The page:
Thus, it seems like a t-model would be suitable for the white noise.
The Ljung–Box tests with an R in the second column are applied to the
residuals (here R = residuals, not the R software), while the Ljung–Box tests
with R^2 are applied to the squared residuals. None of the tests is significant,
which indicates that the model fits the data well, except for the nonnormality
of the { t } noted earlier. The nonsignificant LM Arch Test indicates the same.
A t-distribution was fit to the standardized residuals by maximum likelihood using R’s fitdistr function. The MLE of the degrees-of-freedom parameter was 4.1. This confirms the good fit by this distribution seen in Figure 18.4.
The AR(1)/GARCH(1,1) model was refit assuming t-distributed errors, so
cond.dist = "std", with the following results:
Call:
garchFit(formula = ~arma(1, 1) + garch(1, 1), data = bmw,
cond.dist = "std")
Mean and Variance Equation:
data ~ arma(1, 1) + garch(1, 1) [data = bmw]
Conditional Distribution: std
Coefficient(s):
mu
ar1
1.7358e-04 -2.9869e-01
beta1
shape
8.8688e-01 4.0461e+00
ma1
3.6896e-01
omega
6.0525e-06
Std. Errors: based on Hessian
Error Analysis:
Estimate Std. Error t value Pr(>|t|)
mu
1.736e-04
1.855e-04
0.936 0.34929
ar1
-2.987e-01
1.370e-01
-2.180 0.02924 *
ma1
3.690e-01
1.345e-01
2.743 0.00608 **
omega
6.052e-06
1.344e-06
4.502 6.72e-06 ***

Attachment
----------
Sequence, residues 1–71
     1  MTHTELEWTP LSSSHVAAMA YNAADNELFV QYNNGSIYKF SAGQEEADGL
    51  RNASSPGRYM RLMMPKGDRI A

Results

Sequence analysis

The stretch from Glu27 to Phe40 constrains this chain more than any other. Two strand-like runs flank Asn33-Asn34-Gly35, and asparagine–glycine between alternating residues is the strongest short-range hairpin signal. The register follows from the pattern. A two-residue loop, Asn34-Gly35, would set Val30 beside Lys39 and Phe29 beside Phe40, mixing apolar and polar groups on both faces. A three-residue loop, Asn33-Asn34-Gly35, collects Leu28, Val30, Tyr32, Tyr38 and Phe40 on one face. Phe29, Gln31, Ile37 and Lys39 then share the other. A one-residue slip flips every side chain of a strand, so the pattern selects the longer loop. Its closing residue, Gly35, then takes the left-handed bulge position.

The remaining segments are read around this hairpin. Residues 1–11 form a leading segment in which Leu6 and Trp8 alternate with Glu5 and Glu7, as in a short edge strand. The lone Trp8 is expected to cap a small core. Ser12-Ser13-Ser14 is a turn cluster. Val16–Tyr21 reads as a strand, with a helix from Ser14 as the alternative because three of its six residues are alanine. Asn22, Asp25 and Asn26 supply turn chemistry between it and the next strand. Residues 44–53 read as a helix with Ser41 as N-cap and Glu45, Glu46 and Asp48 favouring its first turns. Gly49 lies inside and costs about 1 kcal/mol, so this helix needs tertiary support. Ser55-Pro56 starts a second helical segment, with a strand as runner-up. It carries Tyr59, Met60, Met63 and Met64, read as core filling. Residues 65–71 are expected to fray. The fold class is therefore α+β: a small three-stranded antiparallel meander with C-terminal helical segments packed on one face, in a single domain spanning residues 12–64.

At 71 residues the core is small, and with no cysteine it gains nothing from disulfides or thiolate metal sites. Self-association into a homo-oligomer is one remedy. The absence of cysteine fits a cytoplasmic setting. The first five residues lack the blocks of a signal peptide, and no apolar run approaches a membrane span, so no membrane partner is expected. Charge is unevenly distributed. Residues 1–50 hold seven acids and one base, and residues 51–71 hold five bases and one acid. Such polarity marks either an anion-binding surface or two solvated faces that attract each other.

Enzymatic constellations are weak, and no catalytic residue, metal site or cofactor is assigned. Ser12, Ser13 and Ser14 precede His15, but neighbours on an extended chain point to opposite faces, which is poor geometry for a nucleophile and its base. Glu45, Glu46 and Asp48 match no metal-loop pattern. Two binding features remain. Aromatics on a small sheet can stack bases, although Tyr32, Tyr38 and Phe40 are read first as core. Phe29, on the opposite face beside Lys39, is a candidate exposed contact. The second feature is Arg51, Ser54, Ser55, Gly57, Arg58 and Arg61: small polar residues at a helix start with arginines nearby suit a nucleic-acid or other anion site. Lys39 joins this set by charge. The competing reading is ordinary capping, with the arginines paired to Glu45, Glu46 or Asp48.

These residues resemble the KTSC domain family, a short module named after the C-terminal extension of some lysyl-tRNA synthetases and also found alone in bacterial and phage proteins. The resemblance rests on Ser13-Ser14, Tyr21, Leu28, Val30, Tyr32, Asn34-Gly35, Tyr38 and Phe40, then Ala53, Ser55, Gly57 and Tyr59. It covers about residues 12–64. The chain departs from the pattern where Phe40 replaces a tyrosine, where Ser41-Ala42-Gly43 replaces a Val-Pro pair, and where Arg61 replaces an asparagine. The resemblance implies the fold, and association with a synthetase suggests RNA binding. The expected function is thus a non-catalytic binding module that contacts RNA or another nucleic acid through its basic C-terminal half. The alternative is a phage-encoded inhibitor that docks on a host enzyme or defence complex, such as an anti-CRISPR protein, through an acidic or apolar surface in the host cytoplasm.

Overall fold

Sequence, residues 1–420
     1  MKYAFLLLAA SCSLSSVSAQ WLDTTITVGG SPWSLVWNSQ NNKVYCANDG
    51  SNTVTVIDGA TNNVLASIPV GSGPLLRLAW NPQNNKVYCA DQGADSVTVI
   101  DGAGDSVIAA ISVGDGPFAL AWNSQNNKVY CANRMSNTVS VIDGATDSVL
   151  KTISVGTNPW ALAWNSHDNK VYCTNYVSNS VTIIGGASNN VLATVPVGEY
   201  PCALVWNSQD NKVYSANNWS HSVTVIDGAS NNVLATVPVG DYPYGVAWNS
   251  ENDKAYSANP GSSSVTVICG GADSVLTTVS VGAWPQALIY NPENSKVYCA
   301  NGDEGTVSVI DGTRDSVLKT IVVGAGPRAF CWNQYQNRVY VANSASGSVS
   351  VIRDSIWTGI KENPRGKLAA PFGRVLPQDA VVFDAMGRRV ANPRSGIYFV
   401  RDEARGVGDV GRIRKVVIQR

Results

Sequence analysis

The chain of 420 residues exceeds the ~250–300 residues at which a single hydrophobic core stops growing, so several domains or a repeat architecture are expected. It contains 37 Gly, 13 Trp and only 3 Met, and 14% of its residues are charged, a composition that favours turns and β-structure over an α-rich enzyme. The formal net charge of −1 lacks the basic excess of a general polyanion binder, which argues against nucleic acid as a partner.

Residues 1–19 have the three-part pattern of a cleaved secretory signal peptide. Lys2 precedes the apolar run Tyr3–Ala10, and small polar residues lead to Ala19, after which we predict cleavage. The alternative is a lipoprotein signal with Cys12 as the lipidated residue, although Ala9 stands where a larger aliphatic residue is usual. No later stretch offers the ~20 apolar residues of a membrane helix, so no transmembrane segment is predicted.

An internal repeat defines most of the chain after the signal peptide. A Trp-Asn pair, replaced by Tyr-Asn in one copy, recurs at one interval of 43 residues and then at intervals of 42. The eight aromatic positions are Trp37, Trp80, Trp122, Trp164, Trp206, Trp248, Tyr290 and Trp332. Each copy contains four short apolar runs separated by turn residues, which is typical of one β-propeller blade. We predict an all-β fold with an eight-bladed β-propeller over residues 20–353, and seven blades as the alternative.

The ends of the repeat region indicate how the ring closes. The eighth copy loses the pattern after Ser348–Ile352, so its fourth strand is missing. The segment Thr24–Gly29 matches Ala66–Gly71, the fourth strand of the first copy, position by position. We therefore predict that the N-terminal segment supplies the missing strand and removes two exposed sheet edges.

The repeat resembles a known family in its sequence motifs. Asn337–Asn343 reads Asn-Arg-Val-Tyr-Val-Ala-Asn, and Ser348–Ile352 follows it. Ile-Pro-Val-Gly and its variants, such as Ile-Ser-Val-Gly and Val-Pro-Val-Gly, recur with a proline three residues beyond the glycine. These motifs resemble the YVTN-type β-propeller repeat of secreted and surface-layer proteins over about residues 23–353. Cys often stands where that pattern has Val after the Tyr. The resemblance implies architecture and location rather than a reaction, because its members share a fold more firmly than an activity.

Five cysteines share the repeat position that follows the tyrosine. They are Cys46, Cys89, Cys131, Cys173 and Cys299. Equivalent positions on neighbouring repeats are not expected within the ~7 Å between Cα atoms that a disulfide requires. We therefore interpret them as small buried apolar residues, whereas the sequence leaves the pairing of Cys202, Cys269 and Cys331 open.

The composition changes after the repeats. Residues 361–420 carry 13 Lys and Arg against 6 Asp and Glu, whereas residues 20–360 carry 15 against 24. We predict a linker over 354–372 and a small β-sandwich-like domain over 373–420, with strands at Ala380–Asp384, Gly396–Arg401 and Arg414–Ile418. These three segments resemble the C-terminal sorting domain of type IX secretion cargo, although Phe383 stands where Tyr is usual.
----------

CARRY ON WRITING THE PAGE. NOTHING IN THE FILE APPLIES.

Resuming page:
alpha1 9.292e-02
1.312e-02
7.080 1.44e-12 ***
beta1
8.869e-01
1.542e-02
57.529 < 2e-16 ***
shape
4.046e+00
2.315e-01
17.480 < 2e-16 ***
--Signif. codes: 0 *** 0.001 ** 0.01 * 0.05 . 0.1
1
Log Likelihood:
18159
normalized:
2.9547
Standardised Residuals Tests:
Statistic p-Value
alpha1
9.2924e-02
488
18 GARCH Models
Jarque-Bera Test
Shapiro-Wilk Test
Ljung-Box Test
Ljung-Box Test
Ljung-Box Test
Ljung-Box Test
Ljung-Box Test
Ljung-Box Test
LM Arch Test
R
R
R
R
R
R^2
R^2
R^2
R
Chi^2
W
Q(10)
Q(15)
Q(20)
Q(10)
Q(15)
Q(20)
TR^2
13355
NA
21.933
26.501
36.79
5.8285
8.0907
10.733
7.009
0
NA
0.015452
0.033077
0.012400
0.82946
0.9201
0.95285
0.85701
Information Criterion Statistics:
AIC
BIC
SIC
HQIC
-5.9071 -5.8994 -5.9071 -5.9044
The Ljung–Box tests for the residuals have small p-values. These are due to
small autocorrelations that should not be of practical importance. The sample
size here is 6146 so, not surprisingly, small autocorrelations are statistically
significant.
18.9 GARCH Models as ARMA Models
The similarities seen in this chapter between GARCH and ARMA models are
not a coincidence. If at is a GARCH process, then a2t is an ARMA process but
with weak white noise, not i.i.d. white noise. To show this, we will start with
the GARCH(1,1) model, where at = σt t . Here t is i.i.d. white noise and
2
Et−1 (a2t ) = σt2 = ω + α1 a2t−1 + β1 σt−1
,
(18.8)
where Et−1 is the conditional expectation given the information set at time
t − 1. Define ηt = a2t − σt2 . Since Et−1 (ηt ) = Et−1 (a2t ) − σt2 = 0, by (A.33) ηt is
an uncorrelated process, that is, a weak white noise process. The conditional
heteroskedasticity of at is inherited by ηt , so ηt is not i.i.d. white noise.
Simple algebra shows that